The Indian Space Research Organisation (ISRO) on September 16, 2018 successfully launched its polar satellite launch vehicle (PSLV) C42 carrying two earth observation satellites for the United Kingdom.
The launch vehicle- PSLV-C42 lifted off at 10.08 PM from the first launch pad of the Satish Dhawan Space Centre in Sriharikota, Andhra Pradesh.
• The 44.4 metres launch vehicle weighing 230.4 tons carried two earth observing satellites - NovaSAR and S1-4 of Surrey Satellite Technology Limited, UK. There was no Indian satellite on the flight.
• The satellites were put into sun synchronous orbit, 583 km from the Earth, just over 17 minutes after the lift off from the first launch pad. The 33-hour countdown for the launch began at 1.08 PM on September 15, 2018.
• The mission was a commercial arrangement between the British company and Antrix Corporation Limited, which is the commercial wing of ISRO.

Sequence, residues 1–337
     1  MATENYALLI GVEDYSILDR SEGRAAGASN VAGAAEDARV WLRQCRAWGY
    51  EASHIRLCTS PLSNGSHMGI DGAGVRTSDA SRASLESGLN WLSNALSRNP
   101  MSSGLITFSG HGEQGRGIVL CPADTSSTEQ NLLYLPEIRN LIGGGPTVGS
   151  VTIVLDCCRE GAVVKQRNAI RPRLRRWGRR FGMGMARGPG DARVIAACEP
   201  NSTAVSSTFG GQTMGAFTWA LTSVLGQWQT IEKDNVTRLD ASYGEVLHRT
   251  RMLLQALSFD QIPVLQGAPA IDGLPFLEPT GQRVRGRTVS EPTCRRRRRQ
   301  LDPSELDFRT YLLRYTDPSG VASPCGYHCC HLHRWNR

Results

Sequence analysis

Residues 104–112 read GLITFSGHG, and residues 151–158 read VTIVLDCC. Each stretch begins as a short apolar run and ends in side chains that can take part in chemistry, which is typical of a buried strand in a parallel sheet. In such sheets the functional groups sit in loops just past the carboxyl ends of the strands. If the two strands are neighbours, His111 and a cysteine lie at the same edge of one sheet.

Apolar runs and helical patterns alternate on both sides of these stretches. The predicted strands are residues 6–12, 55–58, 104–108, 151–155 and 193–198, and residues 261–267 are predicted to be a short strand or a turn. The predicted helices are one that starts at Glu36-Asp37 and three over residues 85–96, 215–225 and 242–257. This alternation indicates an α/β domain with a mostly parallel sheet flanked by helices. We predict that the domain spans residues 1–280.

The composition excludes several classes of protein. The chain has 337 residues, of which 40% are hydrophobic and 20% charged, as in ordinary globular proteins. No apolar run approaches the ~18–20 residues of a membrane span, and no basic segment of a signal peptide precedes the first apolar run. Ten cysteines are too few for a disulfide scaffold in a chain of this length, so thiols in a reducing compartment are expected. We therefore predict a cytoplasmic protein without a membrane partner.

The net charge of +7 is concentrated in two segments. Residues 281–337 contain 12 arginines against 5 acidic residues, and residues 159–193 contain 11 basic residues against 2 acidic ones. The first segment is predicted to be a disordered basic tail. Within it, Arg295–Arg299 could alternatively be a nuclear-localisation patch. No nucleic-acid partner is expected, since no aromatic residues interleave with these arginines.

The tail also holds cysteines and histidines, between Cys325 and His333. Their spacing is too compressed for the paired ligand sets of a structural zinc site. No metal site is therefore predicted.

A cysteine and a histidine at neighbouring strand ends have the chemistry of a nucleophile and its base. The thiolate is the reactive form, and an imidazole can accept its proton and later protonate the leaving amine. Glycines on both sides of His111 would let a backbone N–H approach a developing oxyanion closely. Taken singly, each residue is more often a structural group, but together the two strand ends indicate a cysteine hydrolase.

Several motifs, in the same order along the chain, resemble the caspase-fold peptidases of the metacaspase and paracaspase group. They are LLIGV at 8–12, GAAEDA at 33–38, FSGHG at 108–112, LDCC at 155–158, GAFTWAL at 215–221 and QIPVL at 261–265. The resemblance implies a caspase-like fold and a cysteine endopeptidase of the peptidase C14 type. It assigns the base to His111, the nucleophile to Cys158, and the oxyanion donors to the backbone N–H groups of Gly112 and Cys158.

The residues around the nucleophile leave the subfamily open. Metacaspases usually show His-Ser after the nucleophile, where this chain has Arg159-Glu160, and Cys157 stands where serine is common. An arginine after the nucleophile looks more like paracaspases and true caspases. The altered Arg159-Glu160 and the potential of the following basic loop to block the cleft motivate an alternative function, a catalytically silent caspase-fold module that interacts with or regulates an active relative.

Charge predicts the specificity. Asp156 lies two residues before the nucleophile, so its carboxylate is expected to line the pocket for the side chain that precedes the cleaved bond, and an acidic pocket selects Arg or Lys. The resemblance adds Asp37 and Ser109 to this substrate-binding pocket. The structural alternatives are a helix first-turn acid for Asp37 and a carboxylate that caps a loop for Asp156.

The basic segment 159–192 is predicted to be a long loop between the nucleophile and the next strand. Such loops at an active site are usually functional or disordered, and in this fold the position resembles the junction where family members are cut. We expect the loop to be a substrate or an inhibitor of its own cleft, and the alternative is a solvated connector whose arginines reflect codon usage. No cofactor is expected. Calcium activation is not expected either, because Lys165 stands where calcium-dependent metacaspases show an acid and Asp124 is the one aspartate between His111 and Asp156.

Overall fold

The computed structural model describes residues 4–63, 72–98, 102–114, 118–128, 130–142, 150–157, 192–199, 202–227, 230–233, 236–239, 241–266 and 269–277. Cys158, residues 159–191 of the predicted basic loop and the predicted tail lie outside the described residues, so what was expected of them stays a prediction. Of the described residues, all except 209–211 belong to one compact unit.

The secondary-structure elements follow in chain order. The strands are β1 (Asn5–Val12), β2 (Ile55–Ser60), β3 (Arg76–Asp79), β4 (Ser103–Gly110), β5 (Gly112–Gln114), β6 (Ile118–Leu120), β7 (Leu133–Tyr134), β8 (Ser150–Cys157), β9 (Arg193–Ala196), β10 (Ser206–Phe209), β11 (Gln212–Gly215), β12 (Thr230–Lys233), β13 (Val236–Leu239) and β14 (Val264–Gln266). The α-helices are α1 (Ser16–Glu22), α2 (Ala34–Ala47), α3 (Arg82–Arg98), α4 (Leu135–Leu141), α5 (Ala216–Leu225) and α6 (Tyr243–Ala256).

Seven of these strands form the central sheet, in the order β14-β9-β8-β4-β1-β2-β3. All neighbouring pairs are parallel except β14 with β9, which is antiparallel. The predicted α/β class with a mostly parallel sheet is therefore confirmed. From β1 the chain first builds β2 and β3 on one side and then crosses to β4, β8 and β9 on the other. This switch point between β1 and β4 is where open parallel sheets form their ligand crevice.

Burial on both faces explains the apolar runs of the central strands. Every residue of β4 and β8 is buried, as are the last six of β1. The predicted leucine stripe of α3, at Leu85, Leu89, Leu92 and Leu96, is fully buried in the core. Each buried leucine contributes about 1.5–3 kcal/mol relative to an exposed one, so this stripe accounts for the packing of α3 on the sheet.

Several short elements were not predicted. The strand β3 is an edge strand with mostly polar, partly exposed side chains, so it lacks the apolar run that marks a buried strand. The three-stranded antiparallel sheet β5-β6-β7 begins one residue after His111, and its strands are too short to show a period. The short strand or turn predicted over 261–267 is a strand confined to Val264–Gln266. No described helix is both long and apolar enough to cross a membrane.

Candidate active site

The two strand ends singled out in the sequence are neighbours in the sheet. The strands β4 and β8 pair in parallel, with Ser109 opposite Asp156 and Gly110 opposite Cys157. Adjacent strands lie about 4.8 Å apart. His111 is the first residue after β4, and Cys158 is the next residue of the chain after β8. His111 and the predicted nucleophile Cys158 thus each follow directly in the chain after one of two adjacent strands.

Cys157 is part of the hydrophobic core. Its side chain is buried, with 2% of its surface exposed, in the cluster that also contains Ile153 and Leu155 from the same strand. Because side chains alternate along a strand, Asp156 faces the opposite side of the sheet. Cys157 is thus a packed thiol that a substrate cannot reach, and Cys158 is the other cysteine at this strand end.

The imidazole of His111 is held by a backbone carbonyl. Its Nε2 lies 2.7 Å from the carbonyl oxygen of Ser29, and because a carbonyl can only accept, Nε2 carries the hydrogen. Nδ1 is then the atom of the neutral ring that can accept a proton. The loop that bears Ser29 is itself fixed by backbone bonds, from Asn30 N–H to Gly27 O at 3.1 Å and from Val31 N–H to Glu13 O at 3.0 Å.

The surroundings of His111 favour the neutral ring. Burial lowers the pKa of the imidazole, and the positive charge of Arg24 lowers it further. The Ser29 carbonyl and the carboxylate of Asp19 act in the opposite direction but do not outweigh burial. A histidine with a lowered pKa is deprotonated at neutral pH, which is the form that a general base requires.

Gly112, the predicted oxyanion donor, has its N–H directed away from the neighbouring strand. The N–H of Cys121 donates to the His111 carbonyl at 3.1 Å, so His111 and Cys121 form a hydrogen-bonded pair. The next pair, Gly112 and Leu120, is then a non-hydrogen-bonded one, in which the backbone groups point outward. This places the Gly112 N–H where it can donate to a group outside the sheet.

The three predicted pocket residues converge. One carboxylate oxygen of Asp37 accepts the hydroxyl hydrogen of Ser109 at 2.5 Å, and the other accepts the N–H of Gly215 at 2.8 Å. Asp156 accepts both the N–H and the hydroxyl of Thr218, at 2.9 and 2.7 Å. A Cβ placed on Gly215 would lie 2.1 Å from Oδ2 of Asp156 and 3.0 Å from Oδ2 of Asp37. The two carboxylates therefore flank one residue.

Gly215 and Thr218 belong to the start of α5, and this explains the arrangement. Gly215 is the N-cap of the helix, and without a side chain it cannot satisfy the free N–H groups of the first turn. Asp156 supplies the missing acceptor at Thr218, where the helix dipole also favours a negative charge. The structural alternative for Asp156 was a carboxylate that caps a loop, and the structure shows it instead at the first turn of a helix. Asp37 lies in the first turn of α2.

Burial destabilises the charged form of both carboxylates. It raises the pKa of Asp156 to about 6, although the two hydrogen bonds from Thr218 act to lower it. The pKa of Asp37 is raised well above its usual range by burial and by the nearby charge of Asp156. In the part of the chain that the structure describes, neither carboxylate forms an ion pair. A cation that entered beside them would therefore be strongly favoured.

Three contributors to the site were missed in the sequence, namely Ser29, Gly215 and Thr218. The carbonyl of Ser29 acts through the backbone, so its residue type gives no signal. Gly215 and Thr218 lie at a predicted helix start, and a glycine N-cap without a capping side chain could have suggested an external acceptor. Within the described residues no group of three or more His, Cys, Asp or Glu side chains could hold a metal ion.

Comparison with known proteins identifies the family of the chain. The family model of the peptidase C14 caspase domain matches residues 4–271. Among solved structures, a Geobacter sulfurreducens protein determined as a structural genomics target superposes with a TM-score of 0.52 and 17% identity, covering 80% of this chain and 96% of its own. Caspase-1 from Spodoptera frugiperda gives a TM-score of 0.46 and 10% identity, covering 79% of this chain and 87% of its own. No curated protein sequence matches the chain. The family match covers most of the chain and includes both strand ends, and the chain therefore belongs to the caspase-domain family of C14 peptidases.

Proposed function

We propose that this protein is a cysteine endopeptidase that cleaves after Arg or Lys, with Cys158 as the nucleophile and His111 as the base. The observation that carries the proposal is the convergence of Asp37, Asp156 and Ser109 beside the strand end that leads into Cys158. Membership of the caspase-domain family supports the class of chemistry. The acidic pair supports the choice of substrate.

• The entire flight up to the release of the satellites was designed to take place within 17.5 minutes.
• With the successful launch of the two British satellites, the total number of foreign satellites launched by India goes up to 239.
NovaSAR is an S-Band synthetic aperture radar satellite, which will map forest, land use and monitor ice cover, flood and disaster.
S1-4 is a high-resolution optical Earth observation satellite that will be used for surveying resources, urban management and monitoring of the environment and disasters.
• The launch marks PSLV-C42's first fully commercial trip of the year, breaking a five-month-long lull, for the Indian Space Research Organisation (ISRO). This was the 44th PSLV and the 12th time it flew as core-alone.
• India has been sending foreign satellites belonging to international customers from 29 countries through PSLV.
• More commercial ventures are expected for nano satellites are expected in the future. Presently there is an order of 980 crore Rupees for this fiscal and next fiscal.
• Antrix has so far contracted over 280 foreign customer satellites for a fee, among which, most are small experimental or earth observation spacecraft.
• ISRO did not make any launch post April 12, after it put replacement navigation satellite IRNSS-1I to space on PSLV-C41.
• The space organisation, in fact, recalled its GSAT-11 from the South American launch port of Kourou, weeks before it was due for launch.
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